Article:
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  • Published: 1 October 2013
  • ISBN: 9780099549222
  • Imprint: Vintage
  • Format: Paperback
  • Pages: 304
  • RRP: $22.99

A Possible Life




Reissued in new series style to match Faulks's most recent novel Where My Heart Used to Beat, which was a major Sunday Times bestseller in 2016

Terrified, a young prisoner in the Second World War closes his eyes and pictures himself going out to bat on a sunlit cricket ground in Hampshire.

Across the courtyard in a Victorian workhouse, a father too ashamed to acknowledge his son.

A skinny girl steps out of a Chevy with a guitar; her voice sends shivers through the skull.

Soldiers and lovers, parents and children, scientists and musicians risk their bodies and hearts in search of connection - some key to understanding what makes us the people we become.

Provocative and profound, Sebastian Faulks's dazzling novel journeys across continents and time to explore the chaos created by love, separation and missed opportunities. From the pain and drama of these highly particular lives emerges a mysterious consolation: the chance to feel your heart beat in someone else's life.

  • Published: 1 October 2013
  • ISBN: 9780099549222
  • Imprint: Vintage
  • Format: Paperback
  • Pages: 304
  • RRP: $22.99

About the author

Sebastian Faulks

Sebastian Faulks was born in April 1953. Before becoming a full-time writer in 1991, he worked as a journalist. Sebastian Faulks’s books include A Possible Life, Human Traces, On Green Dolphin Street, Engleby, Birdsong,A Week in December and Where My Heart Used to Beat.

Also by Sebastian Faulks

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Praise for A Possible Life

After reading Sebastian Faulks you are reminded that at the very heart of good writing is the ability to make things up: create, fabricate, imagine. And it is this skills of Faulks which takes your breath away.

Dianne Dempsey, Bendigo Weekly, VIC

Most easily appreciated as a series of compelling short stories. Poignant, powerful and tender, they are lined by the pain and passion, hope and hardship, accident and design which make up the drama of an individual life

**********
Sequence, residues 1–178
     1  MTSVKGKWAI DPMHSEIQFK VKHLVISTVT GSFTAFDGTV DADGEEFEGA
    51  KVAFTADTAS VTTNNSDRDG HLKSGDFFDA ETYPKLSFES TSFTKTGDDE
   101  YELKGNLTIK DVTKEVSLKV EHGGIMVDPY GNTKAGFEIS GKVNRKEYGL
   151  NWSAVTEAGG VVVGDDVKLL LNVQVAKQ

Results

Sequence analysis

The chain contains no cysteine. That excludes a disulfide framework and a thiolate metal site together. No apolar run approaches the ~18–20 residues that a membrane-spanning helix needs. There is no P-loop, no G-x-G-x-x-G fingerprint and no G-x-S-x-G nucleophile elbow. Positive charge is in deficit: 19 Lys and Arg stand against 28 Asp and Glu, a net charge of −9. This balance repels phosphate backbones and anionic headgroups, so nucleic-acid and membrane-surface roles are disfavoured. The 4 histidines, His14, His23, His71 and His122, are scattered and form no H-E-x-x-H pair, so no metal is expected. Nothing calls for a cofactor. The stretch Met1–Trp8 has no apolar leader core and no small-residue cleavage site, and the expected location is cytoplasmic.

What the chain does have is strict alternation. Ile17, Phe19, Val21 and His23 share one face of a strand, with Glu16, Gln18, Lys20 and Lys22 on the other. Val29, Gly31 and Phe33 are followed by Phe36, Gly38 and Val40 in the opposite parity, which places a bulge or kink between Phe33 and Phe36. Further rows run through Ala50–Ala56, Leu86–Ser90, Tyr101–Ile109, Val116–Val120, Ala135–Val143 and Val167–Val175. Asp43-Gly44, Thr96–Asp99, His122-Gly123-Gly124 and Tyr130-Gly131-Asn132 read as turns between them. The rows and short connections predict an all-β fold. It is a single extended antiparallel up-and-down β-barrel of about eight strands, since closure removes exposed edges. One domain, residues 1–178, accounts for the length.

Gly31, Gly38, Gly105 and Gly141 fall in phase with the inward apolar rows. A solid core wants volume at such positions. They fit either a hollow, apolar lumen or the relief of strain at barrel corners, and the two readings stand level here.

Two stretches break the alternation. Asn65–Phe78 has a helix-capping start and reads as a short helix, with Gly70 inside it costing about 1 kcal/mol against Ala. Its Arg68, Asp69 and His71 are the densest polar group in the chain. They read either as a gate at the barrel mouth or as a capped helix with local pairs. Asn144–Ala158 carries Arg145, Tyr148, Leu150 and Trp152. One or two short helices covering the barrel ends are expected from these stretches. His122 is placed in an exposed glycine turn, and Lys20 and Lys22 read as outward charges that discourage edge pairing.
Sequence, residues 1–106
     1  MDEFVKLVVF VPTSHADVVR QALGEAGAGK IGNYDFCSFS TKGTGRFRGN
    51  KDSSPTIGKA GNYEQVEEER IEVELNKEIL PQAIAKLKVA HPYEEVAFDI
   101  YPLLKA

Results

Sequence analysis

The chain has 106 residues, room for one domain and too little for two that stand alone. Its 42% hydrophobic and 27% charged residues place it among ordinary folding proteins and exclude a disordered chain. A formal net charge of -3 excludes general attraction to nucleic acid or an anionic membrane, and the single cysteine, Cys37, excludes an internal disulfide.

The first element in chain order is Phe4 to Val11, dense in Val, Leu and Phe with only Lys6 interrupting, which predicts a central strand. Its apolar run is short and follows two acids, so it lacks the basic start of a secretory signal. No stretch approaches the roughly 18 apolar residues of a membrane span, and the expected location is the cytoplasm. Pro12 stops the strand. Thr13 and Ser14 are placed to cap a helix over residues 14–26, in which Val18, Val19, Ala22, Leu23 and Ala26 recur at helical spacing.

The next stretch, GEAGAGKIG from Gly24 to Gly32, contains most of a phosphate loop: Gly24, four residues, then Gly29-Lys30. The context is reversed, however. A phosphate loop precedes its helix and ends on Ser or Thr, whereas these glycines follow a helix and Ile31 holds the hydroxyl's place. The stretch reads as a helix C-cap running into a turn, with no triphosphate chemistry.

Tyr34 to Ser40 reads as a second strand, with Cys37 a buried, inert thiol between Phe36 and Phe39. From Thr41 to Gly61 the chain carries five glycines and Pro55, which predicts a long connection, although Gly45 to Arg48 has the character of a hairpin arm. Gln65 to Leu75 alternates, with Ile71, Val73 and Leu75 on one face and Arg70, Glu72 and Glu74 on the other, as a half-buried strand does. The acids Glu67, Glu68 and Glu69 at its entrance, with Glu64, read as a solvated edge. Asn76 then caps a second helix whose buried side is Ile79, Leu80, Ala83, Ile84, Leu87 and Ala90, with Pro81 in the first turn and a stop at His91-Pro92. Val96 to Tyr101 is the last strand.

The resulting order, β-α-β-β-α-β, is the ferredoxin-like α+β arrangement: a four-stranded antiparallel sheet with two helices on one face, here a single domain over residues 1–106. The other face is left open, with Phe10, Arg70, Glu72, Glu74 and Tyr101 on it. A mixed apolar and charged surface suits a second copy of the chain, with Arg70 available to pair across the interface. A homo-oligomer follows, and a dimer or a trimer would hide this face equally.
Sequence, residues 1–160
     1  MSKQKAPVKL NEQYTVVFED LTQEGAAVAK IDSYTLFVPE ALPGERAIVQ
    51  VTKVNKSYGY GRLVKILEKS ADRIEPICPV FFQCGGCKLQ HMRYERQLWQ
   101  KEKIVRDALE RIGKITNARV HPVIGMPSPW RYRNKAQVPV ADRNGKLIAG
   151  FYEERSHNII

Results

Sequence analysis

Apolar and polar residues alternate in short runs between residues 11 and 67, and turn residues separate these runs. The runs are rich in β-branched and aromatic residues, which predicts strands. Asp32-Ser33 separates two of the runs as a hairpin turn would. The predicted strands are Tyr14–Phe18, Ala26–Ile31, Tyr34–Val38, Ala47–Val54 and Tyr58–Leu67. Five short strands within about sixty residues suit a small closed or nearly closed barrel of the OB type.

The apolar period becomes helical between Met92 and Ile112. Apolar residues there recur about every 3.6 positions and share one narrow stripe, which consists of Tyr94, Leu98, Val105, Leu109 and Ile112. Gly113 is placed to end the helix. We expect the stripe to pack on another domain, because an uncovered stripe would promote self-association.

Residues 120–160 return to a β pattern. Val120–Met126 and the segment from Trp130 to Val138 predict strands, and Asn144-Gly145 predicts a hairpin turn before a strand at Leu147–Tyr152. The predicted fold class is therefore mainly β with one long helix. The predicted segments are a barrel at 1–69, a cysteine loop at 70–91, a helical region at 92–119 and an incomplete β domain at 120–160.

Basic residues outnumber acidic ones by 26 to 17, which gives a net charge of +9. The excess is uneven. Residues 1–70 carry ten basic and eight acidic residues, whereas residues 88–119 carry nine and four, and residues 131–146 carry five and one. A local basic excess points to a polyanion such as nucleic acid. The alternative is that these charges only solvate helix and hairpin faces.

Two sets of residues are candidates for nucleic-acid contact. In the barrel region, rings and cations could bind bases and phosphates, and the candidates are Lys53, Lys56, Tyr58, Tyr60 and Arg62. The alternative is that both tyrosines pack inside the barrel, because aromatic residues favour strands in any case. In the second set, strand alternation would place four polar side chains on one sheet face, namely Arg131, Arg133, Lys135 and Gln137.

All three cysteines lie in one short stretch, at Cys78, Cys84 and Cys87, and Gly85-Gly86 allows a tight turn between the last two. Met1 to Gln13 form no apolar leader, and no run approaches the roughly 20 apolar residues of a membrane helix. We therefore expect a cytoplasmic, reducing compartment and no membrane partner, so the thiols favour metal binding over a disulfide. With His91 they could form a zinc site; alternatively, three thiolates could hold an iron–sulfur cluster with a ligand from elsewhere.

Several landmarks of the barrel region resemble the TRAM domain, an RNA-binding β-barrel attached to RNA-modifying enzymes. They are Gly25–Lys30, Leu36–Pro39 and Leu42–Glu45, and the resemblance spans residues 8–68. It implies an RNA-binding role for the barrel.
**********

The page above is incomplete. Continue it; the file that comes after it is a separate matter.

John Koski, Mail on Sunday

Both intriguing and unsettling… [Faulks’s] versatility as a writer is showcased in A Possible Life

Discover Your History

Most easily appreciated as a series of compelling short stories. Poignant, powerful and tender, they are lined by the pain and passion, hope and hardship, accident and design which make up the drama of an individual life

John Koski, Mail on Sunday

It does what any good novel should – it unsettles, it moves, and it forces us to question who we are

Sunday Times

A delight… A tightly written, moving and exciting

Daily Telegraph

Faulks is a writer who gets better and better; he understands how to draw a reader in.

Daily Mail

A Possible Life is more than the sum of its parts . . . the stories acquire power as resonances between them accrete. Only at the end do you realise you’ve been won over by their quiet, glinting virtuosity

The Times

Profound… Faulks evokes a deep compassion for all his troubled characters…exploring big ideas without compromising the human drama

Observer

Faulk’s most intriguing fictional offering... Moving...engaging...poignant

Independent on Sunday

The storytelling is crisp, the characters sympathetic and the philosophical themes thought-provoking

Mail on Sunday

The writing is masterfully controlled, without a word wasted. Avoiding excess emotion, Faulks evokes a deep compassion for all his troubled characters and by extension, for all of us who share their condition

Observer

Within these pages we find some of his best writing.

Literary Review

Sublime . . . a hauntingly beautiful exploration of the frailties and strengths of the human heart

Easy Living